Victim of Crime


1. Law enforcement has a duty to investigate crime and protect victimsFemale crime victim

Police have a responsibility to protect you from valid threats of crime, and investigate any valid reports of a crime. If they don’t, you may be able to sue the police or have the federal government prosecute the police for failing to do their duty, especially if due to discrimination.1This is called “Deprivation of Rights Under Color of Law,” and is found in Title 18 of U.S. Code, Section 242

2. Victims’ Bill of Rights

If you are a victim of a crime under state or local law (which includes most crimes) in California, you have the following rights:2Marsy’s Law, found in the California Constitution article I, § 28, section (b)

  • To be treated with fairness and respect for your privacy and dignity, and to be free from intimidation, harassment, and abuse, throughout the criminal or juvenile justice process.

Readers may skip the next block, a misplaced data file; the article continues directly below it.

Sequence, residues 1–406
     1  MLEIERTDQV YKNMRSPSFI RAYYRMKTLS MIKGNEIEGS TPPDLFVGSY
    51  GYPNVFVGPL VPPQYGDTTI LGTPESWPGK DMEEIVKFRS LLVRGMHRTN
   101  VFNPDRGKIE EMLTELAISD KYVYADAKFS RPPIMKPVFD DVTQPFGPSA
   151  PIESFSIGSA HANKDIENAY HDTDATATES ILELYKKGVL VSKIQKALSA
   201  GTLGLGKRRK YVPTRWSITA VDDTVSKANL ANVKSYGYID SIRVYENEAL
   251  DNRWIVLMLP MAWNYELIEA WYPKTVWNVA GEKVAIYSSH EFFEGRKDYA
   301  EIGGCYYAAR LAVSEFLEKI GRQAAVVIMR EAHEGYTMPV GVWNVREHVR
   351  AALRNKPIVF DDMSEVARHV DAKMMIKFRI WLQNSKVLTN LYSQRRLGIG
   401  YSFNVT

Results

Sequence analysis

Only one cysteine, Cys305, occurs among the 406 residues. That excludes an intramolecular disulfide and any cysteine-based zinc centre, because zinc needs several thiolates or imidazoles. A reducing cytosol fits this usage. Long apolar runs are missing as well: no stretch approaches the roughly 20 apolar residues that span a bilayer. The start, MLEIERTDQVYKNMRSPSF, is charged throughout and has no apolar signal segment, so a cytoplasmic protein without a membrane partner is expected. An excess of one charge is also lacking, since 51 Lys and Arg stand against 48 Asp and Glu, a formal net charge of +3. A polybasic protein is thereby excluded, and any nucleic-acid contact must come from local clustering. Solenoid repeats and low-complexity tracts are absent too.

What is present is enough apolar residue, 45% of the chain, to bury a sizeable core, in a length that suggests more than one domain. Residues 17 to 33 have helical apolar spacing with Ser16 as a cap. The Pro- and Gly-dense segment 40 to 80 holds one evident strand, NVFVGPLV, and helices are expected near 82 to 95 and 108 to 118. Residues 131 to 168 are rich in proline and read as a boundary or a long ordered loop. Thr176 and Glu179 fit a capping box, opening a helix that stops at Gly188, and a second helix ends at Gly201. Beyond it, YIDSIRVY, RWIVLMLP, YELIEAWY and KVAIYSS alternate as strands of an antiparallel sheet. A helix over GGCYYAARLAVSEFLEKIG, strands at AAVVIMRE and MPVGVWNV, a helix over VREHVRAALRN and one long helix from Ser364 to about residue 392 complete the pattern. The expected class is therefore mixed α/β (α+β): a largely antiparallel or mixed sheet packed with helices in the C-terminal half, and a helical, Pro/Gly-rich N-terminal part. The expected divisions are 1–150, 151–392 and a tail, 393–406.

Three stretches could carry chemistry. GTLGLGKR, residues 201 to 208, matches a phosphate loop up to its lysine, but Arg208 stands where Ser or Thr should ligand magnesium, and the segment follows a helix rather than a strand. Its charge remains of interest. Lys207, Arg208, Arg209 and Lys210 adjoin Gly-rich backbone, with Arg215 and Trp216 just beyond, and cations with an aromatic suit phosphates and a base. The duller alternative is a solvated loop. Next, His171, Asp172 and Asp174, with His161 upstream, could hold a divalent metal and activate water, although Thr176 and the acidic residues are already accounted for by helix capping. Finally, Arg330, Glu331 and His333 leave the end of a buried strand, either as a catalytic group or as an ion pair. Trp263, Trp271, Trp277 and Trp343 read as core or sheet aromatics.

• To be reasonably protected from the defendant and anyone acting on behalf of the defendant.
  • To have your safety and your family’s safety considered in fixing the amount of bail and release conditions for the defendant.
  • To prevent the disclosure of confidential information or records to the defendant, the defendant’s attorney, or any other person acting on behalf of the defendant, which could be used to locate or harass the victim or the victim’s family or which disclose confidential communications made in the course of medical or counseling treatment, or which are otherwise privileged or confidential by law.
  • To refuse an interview, deposition, or other information request by the defendant’s attorney, or any other person acting on behalf of the defendant, and to set reasonable conditions on the conduct of any such interview which you do agree to do.
  • Notice of arrest of defendant and to confer with prosecution. To reasonable notice of and to reasonably confer with the prosecuting agency, upon request, regarding the arrest of the defendant if known by the prosecutor, the charges filed, the determination whether to extradite the defendant, and, upon request, to be notified of and informed before any pretrial disposition of the case.